As a manager, a thought leader or an educator in your organization, you’re tasked with creating a better workforce, increasing productivity and generally pushing things forward. The challenge is actually not ‘what to do’, but how to find the best way to drive that change, and get everyone on board.
In today’s data-driven business environment, numbers are a great tool to facilitate change. The key is to add quantitative aspects to your qualitative reasoning.
Here is a great way to improve your organization’s learning and training methods, and most importantly, a practical example to advocate that change.
Learning and development is important to a business. Why is that? Because good learning means saving time and increasing employee performance. Since time is money, increased performance typically increases productivity. We all know this is true, and there’s nothing new about it.
In that case, what’s the best way to learn effectively? The answer is visually presented in Edgar Dale’s “Cone of Experience,” which later on was added with numerical values, and was presented as “Cone of Learning”. It basically highlights that a learner will remember information based on the method that information was obtained.
A learner will usually remember:
- 10% of the information if it was read
- 20% of the information if it was heard
- 30% of the information if it was viewed
- 50% of the information if it was heard and viewed
- 70% of the information if it was said
- 90% of the information if it was performed
Information that is heard and viewed can be for example, watching videos or a live demonstration. Information that is said can be for example, participating in a discussion and so on, as the diagram shows.
This model not only shows the effective ways of learning (and the less effective ones, to that matter), but also gives you a way to calculate the return of investment (ROI) for each method.
Easy to understand, and easy to present to all stakeholders, to get everyone on the same page.
Following this model you can realize that giving your employees reading materials isn’t that effective. You’re better off giving them videos to watch, and even better, have them record videos where they need to teach, and showcase the material themselves – have them say it or do it themselves.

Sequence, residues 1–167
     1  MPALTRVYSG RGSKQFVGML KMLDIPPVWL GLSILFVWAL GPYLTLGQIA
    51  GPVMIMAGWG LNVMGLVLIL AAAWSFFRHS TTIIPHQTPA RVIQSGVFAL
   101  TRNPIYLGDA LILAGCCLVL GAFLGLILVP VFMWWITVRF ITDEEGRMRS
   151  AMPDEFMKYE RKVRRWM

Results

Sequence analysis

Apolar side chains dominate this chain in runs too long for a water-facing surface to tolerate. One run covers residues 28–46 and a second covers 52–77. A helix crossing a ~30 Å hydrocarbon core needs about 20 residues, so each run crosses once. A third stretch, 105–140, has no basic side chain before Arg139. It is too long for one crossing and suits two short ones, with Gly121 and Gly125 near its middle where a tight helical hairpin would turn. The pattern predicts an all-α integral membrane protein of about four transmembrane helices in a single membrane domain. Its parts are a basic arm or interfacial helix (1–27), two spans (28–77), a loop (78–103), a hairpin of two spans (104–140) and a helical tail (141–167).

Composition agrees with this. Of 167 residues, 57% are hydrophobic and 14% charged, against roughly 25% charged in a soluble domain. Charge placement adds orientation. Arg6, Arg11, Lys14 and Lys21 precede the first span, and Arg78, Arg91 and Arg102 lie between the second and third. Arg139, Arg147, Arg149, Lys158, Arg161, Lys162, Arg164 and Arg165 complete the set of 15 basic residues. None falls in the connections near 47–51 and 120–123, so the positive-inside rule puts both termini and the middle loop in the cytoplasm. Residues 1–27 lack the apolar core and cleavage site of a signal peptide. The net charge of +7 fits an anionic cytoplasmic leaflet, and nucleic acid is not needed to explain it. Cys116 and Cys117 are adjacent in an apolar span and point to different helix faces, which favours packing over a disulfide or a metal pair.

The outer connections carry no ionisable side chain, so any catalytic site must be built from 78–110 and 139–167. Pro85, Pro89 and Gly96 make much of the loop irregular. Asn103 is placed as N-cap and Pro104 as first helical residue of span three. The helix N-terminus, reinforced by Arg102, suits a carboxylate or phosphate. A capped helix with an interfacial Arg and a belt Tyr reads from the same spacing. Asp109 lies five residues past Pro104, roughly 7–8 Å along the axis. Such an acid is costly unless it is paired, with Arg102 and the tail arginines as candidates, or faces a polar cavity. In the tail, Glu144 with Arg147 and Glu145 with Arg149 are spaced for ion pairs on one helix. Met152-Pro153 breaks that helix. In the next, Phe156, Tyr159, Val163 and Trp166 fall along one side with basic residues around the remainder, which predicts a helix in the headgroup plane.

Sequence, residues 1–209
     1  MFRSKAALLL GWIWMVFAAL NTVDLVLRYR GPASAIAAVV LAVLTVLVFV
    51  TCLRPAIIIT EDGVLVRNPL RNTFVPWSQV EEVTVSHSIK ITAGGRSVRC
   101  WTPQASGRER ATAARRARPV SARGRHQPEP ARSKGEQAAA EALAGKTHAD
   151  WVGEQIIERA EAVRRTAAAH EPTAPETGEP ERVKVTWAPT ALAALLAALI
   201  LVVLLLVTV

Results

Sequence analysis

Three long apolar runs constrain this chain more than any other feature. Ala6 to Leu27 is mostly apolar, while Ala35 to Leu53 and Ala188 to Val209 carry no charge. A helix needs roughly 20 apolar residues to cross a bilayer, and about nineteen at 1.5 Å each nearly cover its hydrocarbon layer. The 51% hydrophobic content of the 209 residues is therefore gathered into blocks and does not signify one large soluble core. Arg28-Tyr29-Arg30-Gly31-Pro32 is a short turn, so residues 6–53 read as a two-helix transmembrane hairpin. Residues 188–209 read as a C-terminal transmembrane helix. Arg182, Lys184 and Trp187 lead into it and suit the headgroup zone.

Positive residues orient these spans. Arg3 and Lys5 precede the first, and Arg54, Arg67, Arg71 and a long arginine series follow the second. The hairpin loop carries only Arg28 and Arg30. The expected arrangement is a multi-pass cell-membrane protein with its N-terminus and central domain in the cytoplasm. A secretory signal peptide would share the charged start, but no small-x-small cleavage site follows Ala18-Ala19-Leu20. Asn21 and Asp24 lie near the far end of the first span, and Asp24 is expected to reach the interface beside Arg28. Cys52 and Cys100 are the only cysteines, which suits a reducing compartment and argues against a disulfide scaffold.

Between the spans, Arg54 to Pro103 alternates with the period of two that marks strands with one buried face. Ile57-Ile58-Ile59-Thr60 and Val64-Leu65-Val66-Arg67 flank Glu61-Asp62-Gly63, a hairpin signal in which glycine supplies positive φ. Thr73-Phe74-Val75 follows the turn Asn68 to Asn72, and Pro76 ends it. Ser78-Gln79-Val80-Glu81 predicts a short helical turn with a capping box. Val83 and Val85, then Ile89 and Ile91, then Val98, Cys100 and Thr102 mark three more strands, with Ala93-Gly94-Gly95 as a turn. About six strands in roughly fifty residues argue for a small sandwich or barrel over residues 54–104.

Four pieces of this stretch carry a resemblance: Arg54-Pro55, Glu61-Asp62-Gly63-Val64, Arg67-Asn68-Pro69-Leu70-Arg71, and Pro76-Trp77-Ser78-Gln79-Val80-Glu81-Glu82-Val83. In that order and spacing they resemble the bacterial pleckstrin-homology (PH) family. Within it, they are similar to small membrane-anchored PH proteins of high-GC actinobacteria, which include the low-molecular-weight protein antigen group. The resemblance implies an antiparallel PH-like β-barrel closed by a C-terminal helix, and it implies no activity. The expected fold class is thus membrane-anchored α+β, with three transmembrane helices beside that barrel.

Let’s turn this explanation to a real example for a sales-training use-case in an enterprise. Let’s assume you currently have an existing learning course in place for these sales reps, and you also know that adding or replacing this course and tools to a video-based ones will cost you $50,000. The next thing to do is to give your learning content a productivity value. Sales-reps taking the onboarding course, perfectly remembering it and executing on it (our 100%), means they start selling effectively within 1 month of that course. If they remember only 50%, they start selling effectively within 2 months and so on…
In our organization we have 20 sales reps and every month, each sales rep sells $10,000 value.
Take that value, multiply it by the number of learners or sales-reps taking these trainings in our case, and you’ll get the productivity value. In our example, $200,000.
Now you can use the Edgar Dale model and it will help you understand what will happen to that productivity value when you use each one of the different learning techniques.
If you use articles (read) in that course, it will be only 10% effective, you will lose a lot of months selling and your productivity value changes to only $20,000. If you use videos (view) in that course, it will be 50% effective and your productivity value changes to $100,000. And finally if you use video assignments (perform) in that course, it will be 70% effective and your productivity value changes to $140,000. Now, compare that productivity value to the cost of changing or creating new video materials ($50,000), and you see that the video use-cases yield a positive ROI.
This simple model combined with 4th grade math helps you bulletproof your argument. Obviously reality has more grey in it than the black and white presented in models, but the state of mind of adding quantitative factors to the well-known qualitative explanations, is the novel idea we have to adopt in order to get everyone on board. This will help you drive your organization’s growth and show results using video-based learning.
Yair Leshem has many years of product leadership experience in global markets, various industries and a range of technologies – Online Video, SaaS, Enterprise and Higher-Education, Cyber, Mobile and Consumer Electronics. Yair is the Senior Director of Product and Business Development at Kaltura, the leading video technology provider, and helps education institutions and enterprises achieve their goals by using top video products.